Why does male business school students’ competitiveness lead to better grades, asks Professor Jari Huikku.
The view that accounting is a masculine discipline has for a long time been a self-fulfilling prophecy. It is a cycle in which gendered preconceptions about the job discourage female students in higher education from choosing courses in accounting, decisions which reinforce the attitude that the accounting workforce is a male-dominated one.
Part of the reason for this stereotype’s existence is that men on average score higher than women in exams on introductory-level accounting courses. Does this mean they are better at the job? It’s not that simple, for when other types of assessment, such as teamwork exercises are taken into account, there is a negligible gender imbalance at most.
So it’s not an issue of competency. Instead, there is something specifically about accounting exams that facilitates the overachievement of male students and depresses the learning of females.
One linking factor between gender and exam performance is the different motivational goals set by male and female students; the other is expectations for their future careers.
Exams appear to support a performance-approach to goal-setting, which means students that are motivated by a desire to get better grades than their fellows are more likely to do well. If a link could be proved between gender and the likelihood of adopting performance-approach goals in education, this would explain the gap in exam performance.
In the study conducted by me and my colleagues (professors Emma-Riikka Myllymäki from Aalto University School of Business and Hannu Ojala from the University of Eastern Finland) we examined the course points and high school grade point averages of 165 firsy-year undergraduates taking an introductory accounting course. We compared this performance data against survey responses from students explaining what motivated them in their studies.
The aim of the research was to see whether men and women tend to set different goals while in education, and whether these trends could explain the lack of parity in exam performance.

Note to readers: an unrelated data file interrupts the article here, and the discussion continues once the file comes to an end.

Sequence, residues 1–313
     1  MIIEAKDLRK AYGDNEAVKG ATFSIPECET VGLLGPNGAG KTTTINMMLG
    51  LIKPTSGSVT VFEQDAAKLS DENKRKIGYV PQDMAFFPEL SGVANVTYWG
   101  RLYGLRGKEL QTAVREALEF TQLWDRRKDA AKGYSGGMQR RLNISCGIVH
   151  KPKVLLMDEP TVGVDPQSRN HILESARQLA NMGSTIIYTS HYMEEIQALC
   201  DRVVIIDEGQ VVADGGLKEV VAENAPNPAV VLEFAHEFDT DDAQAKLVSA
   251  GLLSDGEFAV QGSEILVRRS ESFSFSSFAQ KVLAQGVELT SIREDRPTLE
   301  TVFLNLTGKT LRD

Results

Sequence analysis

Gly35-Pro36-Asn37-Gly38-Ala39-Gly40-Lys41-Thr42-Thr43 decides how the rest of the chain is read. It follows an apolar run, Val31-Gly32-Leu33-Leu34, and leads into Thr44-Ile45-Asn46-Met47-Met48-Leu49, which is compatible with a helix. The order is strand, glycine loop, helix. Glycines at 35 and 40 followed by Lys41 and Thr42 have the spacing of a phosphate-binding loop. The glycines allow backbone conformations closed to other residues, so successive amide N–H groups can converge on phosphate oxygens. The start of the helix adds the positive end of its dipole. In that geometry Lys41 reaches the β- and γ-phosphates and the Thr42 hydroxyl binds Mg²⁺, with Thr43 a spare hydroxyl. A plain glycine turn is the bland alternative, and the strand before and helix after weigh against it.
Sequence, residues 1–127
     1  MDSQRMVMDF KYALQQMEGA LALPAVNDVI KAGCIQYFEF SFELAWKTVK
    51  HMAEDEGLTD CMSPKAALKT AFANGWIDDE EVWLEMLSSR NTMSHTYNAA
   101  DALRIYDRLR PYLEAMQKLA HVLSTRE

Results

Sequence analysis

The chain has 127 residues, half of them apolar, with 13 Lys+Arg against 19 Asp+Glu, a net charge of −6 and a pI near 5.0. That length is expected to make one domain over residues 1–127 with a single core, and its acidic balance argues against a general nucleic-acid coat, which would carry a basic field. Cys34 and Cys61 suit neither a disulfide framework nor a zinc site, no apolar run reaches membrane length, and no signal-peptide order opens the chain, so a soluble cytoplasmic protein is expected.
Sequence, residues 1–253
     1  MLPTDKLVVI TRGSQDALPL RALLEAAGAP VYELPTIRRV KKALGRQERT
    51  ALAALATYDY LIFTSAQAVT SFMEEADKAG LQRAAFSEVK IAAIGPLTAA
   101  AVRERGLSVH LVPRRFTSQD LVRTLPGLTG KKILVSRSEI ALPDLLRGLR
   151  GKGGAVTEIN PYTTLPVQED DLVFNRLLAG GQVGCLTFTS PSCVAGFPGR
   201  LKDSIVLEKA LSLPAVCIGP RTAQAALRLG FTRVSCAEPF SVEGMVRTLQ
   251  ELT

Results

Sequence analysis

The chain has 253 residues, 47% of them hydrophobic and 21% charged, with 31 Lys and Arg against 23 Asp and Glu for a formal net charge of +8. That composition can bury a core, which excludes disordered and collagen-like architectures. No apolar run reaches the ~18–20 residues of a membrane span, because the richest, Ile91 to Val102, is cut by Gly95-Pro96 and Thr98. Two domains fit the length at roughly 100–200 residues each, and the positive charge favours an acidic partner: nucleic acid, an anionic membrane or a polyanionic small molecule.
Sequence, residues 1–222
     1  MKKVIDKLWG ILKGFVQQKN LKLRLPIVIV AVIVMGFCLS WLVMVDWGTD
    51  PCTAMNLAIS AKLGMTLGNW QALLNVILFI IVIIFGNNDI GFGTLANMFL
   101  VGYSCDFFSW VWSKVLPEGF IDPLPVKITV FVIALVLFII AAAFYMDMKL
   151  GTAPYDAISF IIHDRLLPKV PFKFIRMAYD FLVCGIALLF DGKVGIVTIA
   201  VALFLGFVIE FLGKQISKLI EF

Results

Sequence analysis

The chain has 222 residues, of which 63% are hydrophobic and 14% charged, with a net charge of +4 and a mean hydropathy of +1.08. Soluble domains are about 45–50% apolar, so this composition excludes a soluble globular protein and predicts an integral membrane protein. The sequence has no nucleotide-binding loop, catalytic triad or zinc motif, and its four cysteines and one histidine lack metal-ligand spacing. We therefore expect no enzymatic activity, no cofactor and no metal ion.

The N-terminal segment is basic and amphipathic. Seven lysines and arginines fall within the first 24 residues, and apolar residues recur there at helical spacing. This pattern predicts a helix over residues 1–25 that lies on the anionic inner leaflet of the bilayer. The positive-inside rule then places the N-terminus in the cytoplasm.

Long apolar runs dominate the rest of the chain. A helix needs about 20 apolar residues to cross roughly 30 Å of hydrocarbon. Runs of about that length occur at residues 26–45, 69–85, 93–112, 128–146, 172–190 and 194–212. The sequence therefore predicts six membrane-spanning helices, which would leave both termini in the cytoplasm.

We discovered that performance-approach motivation is far more common in male students, suggesting that they are on average much more competitive than their female counterparts. They were also far more likely to have high expectations for their future careers.
These expectations play a role in encouraging rivalry in male students, as they strive against each other to ‘win’ the best grades.
Three other motivating goals were studied.
Mastery-approach focuses not on getting good grades but on understanding a subject as thoroughly as possible. Avoidant goals were also observed: performance-avoidance is the aim to not get significantly lower grades than others, and students displaying mastery-avoidance are anxious not to know less about the course than their peers.
The findings show there is no notable difference in these latter three motivation styles between men and women. Being driven to get the best grade stands alone as the only goal which male students are far more likely to have and is rarer in females.
Furthermore, the fact that female students are on average anticipating less success in their accounting careers than men could steer them away from being results driven. They instead prioritise learning the course material as well as they can, or at least aim not to fall too far behind their male counterparts.
In essence, a student’s gender affects their likelihood of being motivated to strive for high performance directly and indirectly. Male students tend to be more competitive, and this is exacerbated by the higher expectations they have for their careers than females. This divergence means that although men and women are equally likely to leave accounting courses with a high level of knowledge, having a strong drive to get the best grades means men also excel in exams.
This is a problem because female students typically enter further education with better high school grades than males. We are witnessing a depression in their academic performance because the type of assessments used in entry level accounting courses are biased towards the learning orientation and expectations of men.
Inclusivity is a fundamental issue that merits attention. Learning environment, course content, assessment and teaching methods ought to aim at gender neutrality. The status quo needs to be challenged and changes in the learning environment of accounting courses in business schools and further education should be considered.
High-level academic outcomes for both genders would be best ensured by understanding that female students’ less competitive goal-setting and lower expectations of learning accounting need to be considered when designing accounting courses.
Teachers and course planners should seek to alleviate harmful stereotypes that have become associated with the accounting field by bridging gender differences in competitiveness.
The article, entitled ‘Gender difference in the first course in accounting: An achievement goal approach’, has been published in the British Accounting Review journal.
• Professor Jari Huikku is a lecturer and researcher for the Department of Accounting at Aalto University School of Business